- Medieval/Renaissance Food
- "How to Pig Out With 130
of Your Closest Friends; Robbing Peter to Pay Paul: Halving Feast Costs;
Camping Without a Cooler; and A Hitchhiker's Guide to Ancient Cookery" --
where else would you find information like this?? From the Renaissance
Food Bibliography to a variety of articles and publications of this era.
Also includes individual recipes.
MEN, MARRIAGE, CHILDREN IN THE MIDDLE
- The Enduring Popularity of Courtly Love
- "Lauded by nobility and
idolized by troubadours, the ideal of "pure" love (which included strongly
self-deprecating behavior and servitude by a man for a distant,
unattainable woman) was a driving force throughout high period of medieval
love literature. From 1100 to 1300, the language of lady love prevailed in
the courts of England and Europe. " Read about this interesting "concept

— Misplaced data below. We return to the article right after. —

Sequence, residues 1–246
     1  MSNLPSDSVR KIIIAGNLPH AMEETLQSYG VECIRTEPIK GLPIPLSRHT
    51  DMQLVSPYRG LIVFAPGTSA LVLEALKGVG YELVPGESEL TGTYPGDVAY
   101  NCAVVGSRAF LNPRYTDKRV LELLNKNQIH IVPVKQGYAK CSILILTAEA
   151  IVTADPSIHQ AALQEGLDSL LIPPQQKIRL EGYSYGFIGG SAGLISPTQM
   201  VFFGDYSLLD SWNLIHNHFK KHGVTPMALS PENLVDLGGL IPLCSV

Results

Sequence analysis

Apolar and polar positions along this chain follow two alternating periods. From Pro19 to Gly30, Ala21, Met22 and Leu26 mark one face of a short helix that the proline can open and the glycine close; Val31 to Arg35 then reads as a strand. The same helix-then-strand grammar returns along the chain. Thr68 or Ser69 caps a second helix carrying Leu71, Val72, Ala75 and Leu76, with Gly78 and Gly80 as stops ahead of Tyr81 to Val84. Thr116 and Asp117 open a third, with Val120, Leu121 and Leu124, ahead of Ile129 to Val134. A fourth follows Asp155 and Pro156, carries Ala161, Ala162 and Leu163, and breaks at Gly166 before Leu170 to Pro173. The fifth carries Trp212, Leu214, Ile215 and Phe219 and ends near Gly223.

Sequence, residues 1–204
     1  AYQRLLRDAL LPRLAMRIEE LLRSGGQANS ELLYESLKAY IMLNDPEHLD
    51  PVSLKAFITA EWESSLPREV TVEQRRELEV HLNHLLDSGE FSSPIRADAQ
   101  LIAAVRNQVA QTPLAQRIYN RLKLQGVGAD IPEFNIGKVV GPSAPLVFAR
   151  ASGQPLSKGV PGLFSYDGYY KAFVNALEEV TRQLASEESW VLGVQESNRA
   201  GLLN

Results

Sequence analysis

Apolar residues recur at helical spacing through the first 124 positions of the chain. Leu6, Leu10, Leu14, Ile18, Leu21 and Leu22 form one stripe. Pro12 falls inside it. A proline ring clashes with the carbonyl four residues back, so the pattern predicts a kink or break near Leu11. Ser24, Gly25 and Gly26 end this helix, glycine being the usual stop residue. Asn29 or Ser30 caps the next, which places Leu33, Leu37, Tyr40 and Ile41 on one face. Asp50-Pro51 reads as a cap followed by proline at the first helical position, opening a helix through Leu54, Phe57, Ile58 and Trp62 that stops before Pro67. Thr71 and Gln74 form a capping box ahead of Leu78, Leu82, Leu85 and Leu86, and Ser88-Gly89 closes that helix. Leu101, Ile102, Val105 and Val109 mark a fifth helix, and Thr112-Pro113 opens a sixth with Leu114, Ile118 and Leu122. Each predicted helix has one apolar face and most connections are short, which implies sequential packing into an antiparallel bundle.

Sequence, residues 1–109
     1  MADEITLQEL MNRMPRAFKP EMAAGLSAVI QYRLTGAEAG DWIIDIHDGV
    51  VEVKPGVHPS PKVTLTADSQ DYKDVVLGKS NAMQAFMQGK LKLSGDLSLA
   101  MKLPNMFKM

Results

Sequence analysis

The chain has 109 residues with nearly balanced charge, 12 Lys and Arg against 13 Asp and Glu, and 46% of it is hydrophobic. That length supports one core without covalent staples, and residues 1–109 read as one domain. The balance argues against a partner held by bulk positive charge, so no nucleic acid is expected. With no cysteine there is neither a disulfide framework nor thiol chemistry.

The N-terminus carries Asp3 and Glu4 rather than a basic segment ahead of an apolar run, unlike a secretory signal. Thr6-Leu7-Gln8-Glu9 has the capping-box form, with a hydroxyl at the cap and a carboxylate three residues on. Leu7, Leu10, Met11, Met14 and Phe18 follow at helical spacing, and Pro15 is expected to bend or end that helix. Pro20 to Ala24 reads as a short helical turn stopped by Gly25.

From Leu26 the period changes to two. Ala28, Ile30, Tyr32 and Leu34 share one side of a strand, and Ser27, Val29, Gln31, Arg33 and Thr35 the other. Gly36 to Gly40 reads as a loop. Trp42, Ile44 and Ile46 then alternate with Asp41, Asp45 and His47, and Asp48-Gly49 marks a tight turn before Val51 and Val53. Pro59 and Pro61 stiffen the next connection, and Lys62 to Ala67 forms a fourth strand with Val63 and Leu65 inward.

of romantic love rising to a higher plane and transforming the life of the
giver for the sake of the receiver." And then this good info for Backgrounds of Romance - Courtly
- Love, Romance, Marriage and Women - in Medieval
- Great series, work and
play, games, fun. Not all was gloomy. Start with PART ONE and continue from there.
- Dominion and Domination of the Gentler Sex: The Lives
of Medeval Women - SPECIAL SITE
- "They were wives and
writers, lovers and soldiers, mothers and midwives, scientists and
traders. The day-to-day lives of medieval women of all classes and
callings are often glossed over in modern history courses in favor of
sequences of events. Not so here. This is the CITY OF WOMEN." Highlights
the roles, so often invisible, of medieval women. "So how much DO you know
about medieval women? Take the quiz and find out.
VISIT THE CITY Take a tour to examine the roles --
predictable and unexpected -- of medieval women. Inside a medieval walled